Nanoemulsions have several advantages over emulsions:
- Nanoemulsions can have droplets whose diameter falls below 100 nm. They are therefore transparent and can easily be passed through a sterile filter (220 nm pore size) to remove microbial or particulate contamination.
- Nanoemulsions have a much larger surface area and free energy than emulsions, which makes them an effective transport system.
- Nanoemulsions do not exhibit the creaming, flocculation, coalescence and sedimentation problems that are common with emulsions.
- Nanoemulsions can be formulated in a variety of compounds such as foams, creams, liquids, and sprays.
- Nanoemulsions are made with GRAS ingredients (generally recognized as safe) that are approved by the U.S. Food and Drug Administration. They are non-toxic and non-irritating, so they can be easily applied to the skin and mucous membranes. In addition, they do not damage healthy human or animal cells and are therefore suitable for therapeutic use in humans and in the veterinary field.
The main components in the manufacture of nanoemulsions are:
- Oil (to solubilize the lipophilic molecules / active ingredients).
- Surfactant (emulsifier).
- Co-surfactant (enhances the effect of the surfactant).
The production of a nanoemulsion requires a lot of energy. The process should not only produce nano-sized droplets, but also maintain the stability of the droplets. The processes used are high pressure homogenization, ultrasound, phase inversion and microfluidization (patented). Let’s briefly see the theory behind each of these procedures.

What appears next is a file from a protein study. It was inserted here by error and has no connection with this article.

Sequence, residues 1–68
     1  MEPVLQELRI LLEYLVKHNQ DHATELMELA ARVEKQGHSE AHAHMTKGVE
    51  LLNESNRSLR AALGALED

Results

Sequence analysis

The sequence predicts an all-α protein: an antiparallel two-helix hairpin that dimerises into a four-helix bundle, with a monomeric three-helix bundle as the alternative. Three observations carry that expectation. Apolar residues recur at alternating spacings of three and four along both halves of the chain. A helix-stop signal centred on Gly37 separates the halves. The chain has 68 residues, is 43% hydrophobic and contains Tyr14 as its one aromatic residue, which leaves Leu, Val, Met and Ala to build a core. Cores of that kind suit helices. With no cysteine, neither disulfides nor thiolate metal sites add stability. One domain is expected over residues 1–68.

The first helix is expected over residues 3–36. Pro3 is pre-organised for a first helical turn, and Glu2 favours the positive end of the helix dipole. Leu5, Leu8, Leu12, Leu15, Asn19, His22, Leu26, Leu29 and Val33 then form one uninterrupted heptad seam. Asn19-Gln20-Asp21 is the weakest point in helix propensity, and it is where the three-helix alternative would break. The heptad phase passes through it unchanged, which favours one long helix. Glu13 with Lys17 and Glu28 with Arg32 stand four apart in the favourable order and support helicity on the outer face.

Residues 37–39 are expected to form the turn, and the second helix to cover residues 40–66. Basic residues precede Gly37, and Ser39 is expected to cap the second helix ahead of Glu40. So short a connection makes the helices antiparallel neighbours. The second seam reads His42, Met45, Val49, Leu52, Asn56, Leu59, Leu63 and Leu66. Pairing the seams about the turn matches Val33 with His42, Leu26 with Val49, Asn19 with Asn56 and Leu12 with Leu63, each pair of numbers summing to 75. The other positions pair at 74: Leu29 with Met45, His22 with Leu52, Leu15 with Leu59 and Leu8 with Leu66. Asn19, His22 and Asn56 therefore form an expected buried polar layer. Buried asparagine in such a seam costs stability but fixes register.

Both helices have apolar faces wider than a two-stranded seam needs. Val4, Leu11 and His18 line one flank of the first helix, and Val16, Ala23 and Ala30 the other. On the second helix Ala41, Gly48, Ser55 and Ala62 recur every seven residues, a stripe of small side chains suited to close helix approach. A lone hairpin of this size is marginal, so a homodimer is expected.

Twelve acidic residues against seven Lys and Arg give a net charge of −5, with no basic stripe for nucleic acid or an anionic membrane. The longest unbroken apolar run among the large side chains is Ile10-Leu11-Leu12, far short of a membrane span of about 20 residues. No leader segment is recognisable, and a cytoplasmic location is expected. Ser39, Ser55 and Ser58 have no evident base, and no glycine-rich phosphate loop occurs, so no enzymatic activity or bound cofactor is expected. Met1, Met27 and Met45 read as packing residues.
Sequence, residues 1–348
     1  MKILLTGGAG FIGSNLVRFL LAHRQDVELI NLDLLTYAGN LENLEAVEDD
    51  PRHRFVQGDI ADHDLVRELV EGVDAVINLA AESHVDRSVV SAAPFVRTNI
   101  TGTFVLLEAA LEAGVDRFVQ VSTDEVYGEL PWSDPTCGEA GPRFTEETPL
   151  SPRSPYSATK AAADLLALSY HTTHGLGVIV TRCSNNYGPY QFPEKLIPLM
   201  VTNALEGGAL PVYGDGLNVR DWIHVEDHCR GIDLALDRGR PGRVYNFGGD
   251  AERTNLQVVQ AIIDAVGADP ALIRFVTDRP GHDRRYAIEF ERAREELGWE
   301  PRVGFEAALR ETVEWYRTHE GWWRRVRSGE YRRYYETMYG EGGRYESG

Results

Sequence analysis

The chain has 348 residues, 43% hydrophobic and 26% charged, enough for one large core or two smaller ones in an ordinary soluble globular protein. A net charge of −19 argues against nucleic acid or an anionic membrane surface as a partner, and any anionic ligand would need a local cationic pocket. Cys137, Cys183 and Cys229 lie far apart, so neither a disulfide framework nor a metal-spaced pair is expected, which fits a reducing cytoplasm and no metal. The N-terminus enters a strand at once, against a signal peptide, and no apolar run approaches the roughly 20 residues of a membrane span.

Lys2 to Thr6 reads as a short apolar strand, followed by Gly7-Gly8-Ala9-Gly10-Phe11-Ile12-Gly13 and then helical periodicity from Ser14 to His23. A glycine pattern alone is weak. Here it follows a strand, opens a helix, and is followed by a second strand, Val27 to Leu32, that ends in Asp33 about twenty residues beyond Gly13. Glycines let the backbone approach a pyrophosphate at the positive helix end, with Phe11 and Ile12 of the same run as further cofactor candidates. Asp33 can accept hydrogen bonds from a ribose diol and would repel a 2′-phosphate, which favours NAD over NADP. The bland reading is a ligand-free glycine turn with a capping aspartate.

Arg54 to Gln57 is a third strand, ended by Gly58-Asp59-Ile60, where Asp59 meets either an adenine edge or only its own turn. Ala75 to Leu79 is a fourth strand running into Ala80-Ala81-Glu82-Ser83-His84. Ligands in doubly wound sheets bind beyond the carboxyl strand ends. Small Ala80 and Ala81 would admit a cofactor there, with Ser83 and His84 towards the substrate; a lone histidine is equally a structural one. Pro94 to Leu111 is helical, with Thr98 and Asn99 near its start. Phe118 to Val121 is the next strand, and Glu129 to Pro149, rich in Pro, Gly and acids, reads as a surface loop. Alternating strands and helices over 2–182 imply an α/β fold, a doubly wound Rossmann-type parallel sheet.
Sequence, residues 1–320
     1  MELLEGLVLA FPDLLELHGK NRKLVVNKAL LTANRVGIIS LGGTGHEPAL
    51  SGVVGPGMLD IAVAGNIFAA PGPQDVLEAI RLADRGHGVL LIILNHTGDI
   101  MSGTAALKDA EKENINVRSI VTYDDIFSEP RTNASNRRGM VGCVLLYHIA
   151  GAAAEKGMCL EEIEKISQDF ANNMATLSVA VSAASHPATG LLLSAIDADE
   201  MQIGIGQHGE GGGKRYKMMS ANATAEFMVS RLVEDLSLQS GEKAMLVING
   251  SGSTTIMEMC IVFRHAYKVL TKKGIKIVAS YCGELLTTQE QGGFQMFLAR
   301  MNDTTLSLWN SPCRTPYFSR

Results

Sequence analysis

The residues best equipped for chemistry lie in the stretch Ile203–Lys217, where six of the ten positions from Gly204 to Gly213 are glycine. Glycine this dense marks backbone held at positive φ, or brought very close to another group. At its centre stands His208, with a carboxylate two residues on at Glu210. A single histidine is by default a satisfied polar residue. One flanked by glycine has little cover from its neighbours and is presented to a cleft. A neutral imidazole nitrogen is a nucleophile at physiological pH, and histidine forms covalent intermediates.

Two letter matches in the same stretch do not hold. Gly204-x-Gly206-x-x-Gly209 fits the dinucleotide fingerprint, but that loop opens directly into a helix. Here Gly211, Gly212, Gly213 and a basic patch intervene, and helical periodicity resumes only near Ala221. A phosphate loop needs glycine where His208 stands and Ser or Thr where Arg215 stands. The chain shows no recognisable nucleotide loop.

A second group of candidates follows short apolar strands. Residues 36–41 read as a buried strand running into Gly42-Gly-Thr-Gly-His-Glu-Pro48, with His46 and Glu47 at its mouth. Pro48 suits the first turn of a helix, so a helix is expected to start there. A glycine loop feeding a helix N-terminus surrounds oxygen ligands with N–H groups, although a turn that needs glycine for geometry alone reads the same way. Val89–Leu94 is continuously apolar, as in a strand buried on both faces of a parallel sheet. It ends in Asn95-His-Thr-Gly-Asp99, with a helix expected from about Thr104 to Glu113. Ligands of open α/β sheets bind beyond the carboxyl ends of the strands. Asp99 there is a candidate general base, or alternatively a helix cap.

High pressure homogenizers: Due to the strong pressure, the interface between water and oil is deformed so much that the droplets formed break up into smaller ones. This method requires a lot of energy, either mechanically or chemically. A high pressure homogenizer is commonly used by milk processors to reduce the size of the fat globules and to make the milk solids even.
Ultrasonic: This is one of the best methods for making nanoemulsions on a small scale. it cannot be done on a large scale. In this method, sound creates waves that move the molecules quickly, causing the oil droplets to move and disperse around the liquid. In addition, the sound waves create a lot of turbulence, which helps the oil droplets break down into nanoparticles.